Monday, September 29, 2008


I will be missing my 20 year high school reunion this Saturday evening. There are several things that I find wrong with that statement - First, it has already been 20 years since high school, and while I do not find myself wishing for those days again, it does not seem possible that that much time has passed. What happened to being young?

I have some issues with my sciatic nerve. I feel old as I totter around my apartment, limping on my right leg. The fact that I am missing my 20 year reunion makes me feel even worse! Go figure.

The best thing about aging is thinking about music therapists-future who will have to engage me in music therapy reminiscence groups in later years. They will have to sing early Madonna, U2, Thompson Twins, and songs from every Disney movie ever made to engage my attention. Can you imagine the difficulty with finding, "Don't Pay the Ferryman" by Chris DeBurgh for my poor future MT? I will find some way to communicate my musical preferences very clearly to indicate what I will and will not listen to! Ozzy? I get a certain amount of glee from thinking about the future.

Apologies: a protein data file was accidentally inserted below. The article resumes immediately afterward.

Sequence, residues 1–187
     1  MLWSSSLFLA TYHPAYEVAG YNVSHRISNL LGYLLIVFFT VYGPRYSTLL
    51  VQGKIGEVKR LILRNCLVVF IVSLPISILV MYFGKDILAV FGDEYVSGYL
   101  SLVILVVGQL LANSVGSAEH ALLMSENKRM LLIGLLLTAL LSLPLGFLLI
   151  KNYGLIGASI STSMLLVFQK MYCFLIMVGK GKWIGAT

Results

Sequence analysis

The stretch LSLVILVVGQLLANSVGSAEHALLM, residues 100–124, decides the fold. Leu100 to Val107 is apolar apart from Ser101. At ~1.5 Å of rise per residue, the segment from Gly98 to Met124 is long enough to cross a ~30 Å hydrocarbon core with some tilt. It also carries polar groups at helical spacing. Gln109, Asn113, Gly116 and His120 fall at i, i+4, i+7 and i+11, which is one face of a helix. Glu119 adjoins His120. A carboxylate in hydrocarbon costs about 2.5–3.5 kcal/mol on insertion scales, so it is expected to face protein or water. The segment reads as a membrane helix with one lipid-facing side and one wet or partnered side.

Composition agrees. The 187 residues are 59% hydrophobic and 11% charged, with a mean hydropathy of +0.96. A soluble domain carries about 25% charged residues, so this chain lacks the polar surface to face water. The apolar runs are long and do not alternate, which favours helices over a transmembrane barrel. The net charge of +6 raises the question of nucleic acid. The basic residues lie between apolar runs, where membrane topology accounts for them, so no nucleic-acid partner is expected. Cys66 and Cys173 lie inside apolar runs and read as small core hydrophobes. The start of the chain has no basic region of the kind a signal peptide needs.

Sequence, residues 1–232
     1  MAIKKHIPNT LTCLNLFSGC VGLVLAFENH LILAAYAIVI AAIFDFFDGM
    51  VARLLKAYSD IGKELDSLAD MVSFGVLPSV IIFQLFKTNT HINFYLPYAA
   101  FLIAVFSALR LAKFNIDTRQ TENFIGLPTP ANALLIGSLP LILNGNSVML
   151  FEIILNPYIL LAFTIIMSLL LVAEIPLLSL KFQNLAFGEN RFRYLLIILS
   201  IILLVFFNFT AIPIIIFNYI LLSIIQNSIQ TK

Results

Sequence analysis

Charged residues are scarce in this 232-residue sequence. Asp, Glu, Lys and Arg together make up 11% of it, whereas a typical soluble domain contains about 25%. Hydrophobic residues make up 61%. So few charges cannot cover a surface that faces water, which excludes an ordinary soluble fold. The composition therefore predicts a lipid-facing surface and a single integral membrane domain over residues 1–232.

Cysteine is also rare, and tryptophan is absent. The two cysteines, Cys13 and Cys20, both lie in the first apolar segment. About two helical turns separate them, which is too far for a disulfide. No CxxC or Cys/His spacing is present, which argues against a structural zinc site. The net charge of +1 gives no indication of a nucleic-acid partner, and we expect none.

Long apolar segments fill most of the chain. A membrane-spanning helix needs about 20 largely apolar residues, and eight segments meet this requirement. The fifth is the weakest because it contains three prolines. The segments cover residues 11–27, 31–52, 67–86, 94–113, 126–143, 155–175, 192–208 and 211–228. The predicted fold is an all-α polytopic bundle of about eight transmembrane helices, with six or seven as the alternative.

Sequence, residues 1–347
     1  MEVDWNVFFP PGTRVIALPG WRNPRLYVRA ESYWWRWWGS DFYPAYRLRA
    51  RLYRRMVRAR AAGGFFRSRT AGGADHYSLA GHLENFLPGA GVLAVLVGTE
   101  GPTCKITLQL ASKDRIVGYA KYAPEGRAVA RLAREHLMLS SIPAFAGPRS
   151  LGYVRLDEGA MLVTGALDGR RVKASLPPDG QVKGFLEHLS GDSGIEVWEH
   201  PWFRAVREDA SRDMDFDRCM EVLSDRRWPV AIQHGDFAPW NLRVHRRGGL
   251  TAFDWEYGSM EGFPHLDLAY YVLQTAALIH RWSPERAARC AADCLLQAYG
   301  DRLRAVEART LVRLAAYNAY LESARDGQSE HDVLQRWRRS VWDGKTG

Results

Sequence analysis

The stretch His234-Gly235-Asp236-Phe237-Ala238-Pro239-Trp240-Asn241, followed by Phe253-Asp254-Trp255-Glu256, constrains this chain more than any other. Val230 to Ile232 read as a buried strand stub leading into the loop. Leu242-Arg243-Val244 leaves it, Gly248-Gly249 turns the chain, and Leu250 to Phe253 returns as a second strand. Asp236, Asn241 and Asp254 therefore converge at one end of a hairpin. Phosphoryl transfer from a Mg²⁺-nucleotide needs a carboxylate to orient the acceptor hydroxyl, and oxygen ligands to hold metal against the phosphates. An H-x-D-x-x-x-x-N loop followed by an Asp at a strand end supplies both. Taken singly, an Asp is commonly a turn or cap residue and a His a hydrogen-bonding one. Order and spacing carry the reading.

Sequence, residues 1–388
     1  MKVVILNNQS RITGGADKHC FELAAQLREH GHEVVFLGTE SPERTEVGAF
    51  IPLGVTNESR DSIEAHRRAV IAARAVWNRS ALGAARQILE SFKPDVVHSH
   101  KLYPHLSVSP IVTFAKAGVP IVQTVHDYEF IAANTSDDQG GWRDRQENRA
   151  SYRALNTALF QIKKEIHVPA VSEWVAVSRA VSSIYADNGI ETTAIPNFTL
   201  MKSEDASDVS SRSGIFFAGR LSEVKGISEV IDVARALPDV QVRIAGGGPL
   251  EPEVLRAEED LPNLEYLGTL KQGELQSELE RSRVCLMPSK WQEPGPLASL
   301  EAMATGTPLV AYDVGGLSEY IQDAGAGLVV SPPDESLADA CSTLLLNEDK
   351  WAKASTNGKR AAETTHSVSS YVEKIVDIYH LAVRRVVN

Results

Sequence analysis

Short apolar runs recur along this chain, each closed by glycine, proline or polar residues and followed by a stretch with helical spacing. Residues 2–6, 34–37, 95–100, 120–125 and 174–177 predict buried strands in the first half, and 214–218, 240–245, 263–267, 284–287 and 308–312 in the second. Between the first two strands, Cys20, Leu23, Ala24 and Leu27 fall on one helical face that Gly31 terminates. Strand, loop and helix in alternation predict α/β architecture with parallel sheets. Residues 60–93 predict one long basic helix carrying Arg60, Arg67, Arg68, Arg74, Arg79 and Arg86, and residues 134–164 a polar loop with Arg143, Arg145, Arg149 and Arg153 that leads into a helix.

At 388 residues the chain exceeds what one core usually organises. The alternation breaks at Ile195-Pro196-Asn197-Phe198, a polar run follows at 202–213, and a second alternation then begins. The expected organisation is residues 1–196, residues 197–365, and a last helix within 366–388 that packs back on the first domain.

Well, back to my bed to get off the leg - if the sciatica doesn't get me, the arthritis will!

Friday, September 12, 2008

The Therapeutic Triad

Recently, I have been pondering the role that the therapist plays in a music therapy session. I really like the idea of the therapeutic triad - don't know who came up with the concept, or even where I learned about it, so I'll make no attempt to cite it - sorry. I envision the therapy relationship as a flexible triangle with the client at the top of the triangle, the therapist at one end at the bottom and music at the other end. The triangle is flexible and pulls one way and the other as the members of the triad work together or apart from one another. Each element is essential for the others to participate in effective music therapy, but none is more important than the client. Without client involvement, there is no therapy.